When asked by her sister, Cassandra, if there was anything she wanted.
Jane Austen
Writer
Died: July 18, 1817

“Friends applaud, the comedy is finished.”
Ludwig van Beethoven
Composer
Died: March 26, 1827

“I should never have switched from Scotch to Martinis.”
Humphrey Bogart
Actor
Died: January 14, 1957

“Josephine... ”
Napoleon Bonaparte
French Emperor
Died: May 5, 1821

“Ah, that tastes nice. Thank you.”
Johannes Brahms
Composer
Died: April 3, 1897

“Et too, Brute?”
Assassinated.
Gaius Julius Caesar
Roman Emperor
Died: 44 BC

“I am still alive!”
Stabbed to death by his own guards - (as reported by Roman historian Tacitus)
Gaius Caligula
Roman Emperor
Died: 41 AD

“Don't let poor Nelly (his mistress, Nell Gwynne) starve.”
Charles II
King of England and Scotland
Died: 1685

“Ay Jesus.”
Charles V
King of France
Died: 1380

“The earth is suffocating . . . Swear to make them cut me open, so that I won't be buried alive.”
Dying of tuberculosis.
Frederic Chopin
Composer
Died: October 16, 1849

“I'm bored with it all.”
Before slipping into a coma. He died 9 days later.
Winston Churchill
Statesman
Died: January 24, 1965

“That was the best ice-cream soda I ever tasted.”
Lou Costello
Comedian
Died: March 3, 1959

“Damn it . . . Don't you dare ask God to help me.”
To her housekeeper, who had begun to pray aloud.
Joan Crawford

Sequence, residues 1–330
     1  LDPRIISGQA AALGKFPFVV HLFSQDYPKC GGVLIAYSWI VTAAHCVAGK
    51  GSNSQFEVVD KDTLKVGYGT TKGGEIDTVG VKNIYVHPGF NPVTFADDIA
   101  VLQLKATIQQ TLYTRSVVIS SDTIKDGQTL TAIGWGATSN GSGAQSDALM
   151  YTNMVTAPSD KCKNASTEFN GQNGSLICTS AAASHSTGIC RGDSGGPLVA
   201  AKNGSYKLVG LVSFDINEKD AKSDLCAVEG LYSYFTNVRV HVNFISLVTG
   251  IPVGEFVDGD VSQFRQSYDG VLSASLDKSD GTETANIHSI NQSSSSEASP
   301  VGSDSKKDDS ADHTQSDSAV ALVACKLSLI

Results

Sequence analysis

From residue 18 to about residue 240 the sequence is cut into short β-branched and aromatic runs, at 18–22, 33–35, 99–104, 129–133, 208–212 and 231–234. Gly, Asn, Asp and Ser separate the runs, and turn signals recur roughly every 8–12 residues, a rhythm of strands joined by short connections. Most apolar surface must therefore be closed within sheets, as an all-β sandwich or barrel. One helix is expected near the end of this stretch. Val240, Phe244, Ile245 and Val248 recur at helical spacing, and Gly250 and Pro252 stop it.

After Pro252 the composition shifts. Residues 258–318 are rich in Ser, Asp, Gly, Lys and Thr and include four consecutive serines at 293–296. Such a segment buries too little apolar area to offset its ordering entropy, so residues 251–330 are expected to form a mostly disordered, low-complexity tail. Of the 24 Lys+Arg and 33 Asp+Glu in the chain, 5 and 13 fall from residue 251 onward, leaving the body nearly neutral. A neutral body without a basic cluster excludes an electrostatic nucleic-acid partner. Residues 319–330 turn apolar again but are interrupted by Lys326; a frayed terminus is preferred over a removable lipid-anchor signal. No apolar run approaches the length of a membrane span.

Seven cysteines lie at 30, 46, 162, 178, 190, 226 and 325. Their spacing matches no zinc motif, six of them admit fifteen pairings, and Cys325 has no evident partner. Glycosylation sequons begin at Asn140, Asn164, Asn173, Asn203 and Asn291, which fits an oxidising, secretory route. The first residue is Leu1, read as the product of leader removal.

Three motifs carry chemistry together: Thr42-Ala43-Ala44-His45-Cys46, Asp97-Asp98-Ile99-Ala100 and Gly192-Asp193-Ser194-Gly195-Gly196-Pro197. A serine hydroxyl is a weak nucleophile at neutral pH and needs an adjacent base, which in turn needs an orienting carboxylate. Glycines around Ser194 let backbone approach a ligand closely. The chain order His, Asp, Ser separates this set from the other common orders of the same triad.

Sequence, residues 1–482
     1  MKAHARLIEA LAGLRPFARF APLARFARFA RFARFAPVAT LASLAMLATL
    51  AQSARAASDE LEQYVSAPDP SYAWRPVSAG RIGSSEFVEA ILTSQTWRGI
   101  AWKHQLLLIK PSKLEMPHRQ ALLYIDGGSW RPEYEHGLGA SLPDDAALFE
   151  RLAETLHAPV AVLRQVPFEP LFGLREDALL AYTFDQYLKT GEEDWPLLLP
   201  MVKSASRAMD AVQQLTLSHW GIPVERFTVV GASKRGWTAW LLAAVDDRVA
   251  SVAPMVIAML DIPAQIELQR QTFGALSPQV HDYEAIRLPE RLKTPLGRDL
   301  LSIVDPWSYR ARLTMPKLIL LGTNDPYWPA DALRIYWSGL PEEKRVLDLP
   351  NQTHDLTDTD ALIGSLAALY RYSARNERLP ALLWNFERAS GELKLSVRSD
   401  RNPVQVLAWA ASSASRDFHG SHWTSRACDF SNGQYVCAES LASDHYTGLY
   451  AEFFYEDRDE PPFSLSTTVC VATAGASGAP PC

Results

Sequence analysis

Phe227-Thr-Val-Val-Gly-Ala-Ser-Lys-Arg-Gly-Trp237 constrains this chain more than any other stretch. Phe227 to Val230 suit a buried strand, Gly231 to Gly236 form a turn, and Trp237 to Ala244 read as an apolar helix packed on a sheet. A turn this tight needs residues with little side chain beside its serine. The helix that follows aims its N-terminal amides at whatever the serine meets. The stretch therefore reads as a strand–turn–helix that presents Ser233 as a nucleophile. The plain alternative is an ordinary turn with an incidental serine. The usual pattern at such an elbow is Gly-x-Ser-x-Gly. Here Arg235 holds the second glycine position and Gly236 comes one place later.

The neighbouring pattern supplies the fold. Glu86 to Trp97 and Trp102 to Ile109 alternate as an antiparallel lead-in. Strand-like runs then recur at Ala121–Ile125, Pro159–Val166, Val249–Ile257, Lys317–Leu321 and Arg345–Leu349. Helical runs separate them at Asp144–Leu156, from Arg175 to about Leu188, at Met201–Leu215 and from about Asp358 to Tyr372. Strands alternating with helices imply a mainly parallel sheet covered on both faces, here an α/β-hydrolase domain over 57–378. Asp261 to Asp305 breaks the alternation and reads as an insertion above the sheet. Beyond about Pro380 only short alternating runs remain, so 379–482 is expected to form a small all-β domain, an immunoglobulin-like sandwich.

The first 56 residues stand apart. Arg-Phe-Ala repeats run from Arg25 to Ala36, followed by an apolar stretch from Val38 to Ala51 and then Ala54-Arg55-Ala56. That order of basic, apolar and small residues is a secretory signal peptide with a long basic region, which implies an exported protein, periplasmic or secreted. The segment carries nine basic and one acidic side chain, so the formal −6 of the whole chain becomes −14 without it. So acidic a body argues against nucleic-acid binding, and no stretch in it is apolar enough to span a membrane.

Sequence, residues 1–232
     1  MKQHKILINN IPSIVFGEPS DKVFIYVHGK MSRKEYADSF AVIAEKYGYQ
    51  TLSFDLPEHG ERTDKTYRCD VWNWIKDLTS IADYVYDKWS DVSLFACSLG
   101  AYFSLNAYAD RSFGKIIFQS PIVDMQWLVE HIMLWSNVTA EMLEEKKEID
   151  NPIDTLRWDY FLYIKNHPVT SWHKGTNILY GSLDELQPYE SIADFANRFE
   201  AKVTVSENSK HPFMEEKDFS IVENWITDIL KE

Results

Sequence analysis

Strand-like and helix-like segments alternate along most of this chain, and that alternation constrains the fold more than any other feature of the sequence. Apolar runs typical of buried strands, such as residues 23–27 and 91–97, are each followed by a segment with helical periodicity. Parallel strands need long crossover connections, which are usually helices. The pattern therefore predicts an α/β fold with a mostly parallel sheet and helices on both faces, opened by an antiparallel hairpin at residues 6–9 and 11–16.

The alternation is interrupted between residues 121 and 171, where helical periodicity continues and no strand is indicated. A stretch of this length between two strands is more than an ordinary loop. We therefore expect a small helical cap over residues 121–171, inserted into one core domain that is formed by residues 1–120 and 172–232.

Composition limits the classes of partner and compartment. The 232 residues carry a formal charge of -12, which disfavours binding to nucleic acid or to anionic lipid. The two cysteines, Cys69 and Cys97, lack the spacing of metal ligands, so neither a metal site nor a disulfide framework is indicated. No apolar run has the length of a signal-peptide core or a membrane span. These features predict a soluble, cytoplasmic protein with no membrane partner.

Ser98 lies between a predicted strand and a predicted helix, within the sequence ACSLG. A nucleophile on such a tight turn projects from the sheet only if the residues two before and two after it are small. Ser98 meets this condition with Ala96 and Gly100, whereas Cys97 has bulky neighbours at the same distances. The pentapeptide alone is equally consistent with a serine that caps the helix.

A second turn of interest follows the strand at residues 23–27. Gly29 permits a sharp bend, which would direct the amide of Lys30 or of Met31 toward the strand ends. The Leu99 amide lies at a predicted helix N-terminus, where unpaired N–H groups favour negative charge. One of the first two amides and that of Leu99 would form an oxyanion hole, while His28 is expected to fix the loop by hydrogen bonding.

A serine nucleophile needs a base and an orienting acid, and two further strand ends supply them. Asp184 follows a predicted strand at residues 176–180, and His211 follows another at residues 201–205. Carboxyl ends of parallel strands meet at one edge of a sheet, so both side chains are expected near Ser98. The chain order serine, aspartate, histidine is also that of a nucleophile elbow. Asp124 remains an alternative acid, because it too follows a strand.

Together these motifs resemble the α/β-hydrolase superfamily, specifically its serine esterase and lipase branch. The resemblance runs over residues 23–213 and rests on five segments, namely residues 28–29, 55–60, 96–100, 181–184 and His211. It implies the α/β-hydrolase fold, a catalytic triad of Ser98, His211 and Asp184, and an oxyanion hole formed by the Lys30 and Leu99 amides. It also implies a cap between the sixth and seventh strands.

Actress
Died: May 10, 1977

“That was a great game of golf, fellers.”
Harry Lillis "Bing" Crosby
Singer / Actor
Died: October 14, 1977

“I am not the least afraid to die.”
Charles Darwin
Died: April 19, 1882

“My God. What's happened?"
Diana (Spencer)
Princess of Wales
Died: August 31, 1997

“I must go in, the fog is rising.”
Emily Dickinson
Poet
Died: 1886

“It is very beautiful over there.”
Thomas Alva Edison
Inventor
Died: October 18, 1931

“No, I shall not give in. I shall go on. I shall work to the end.”
Edward VII
King of Britain
Died: 1910

“All my possessions for a moment of time.”
Elizabeth I
Queen of England
Died: 1603

“I've had a hell of a lot of fun and I've enjoyed every minute of it.”
Errol Flynn
Actor
Died: October 14, 1959

“A dying man can do nothing easy.”
Benjamin Franklin
Statesman
Died: April 17, 1790

“Turn up the lights; I don't want to go home in the dark.”
O. Henry (William Sidney Porter)
Writer
Died: June 4, 1910

“All is lost. Monks, monks, monks! ”
Henry VIII
King of England
Died: 1547

“I see black light.”
Victor Hugo
Writer
Died: May 22, 1885

“Oh, do not cry - be good children and we will all meet in heaven.”
Andrew Jackson
US President